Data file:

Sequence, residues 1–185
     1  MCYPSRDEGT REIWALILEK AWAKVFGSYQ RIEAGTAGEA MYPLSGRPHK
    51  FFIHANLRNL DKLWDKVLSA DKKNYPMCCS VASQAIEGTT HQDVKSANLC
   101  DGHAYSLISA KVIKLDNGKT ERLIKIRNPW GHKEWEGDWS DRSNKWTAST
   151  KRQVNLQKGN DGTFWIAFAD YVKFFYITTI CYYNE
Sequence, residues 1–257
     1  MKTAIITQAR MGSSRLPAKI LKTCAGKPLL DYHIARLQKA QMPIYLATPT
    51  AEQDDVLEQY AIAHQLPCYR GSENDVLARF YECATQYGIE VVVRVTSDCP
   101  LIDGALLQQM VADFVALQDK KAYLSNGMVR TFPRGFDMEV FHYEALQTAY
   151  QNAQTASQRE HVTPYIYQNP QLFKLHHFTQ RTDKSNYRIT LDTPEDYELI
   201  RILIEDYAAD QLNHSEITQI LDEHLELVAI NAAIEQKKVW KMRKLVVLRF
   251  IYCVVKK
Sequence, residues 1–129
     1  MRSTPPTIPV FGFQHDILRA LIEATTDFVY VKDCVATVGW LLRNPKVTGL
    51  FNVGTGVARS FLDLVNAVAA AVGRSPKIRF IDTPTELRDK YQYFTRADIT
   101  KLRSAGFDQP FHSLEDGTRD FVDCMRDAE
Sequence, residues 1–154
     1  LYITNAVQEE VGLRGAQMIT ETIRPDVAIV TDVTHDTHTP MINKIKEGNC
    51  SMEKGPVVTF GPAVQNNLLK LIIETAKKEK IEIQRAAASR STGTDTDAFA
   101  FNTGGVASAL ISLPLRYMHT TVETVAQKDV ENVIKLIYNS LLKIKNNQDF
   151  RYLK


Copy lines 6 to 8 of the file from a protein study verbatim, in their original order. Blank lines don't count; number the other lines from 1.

Sequence, residues 1–257
     1  MKTAIITQAR MGSSRLPAKI LKTCAGKPLL DYHIARLQKA QMPIYLATPT
    51  AEQDDVLEQY AIAHQLPCYR GSENDVLARF YECATQYGIE VVVRVTSDCP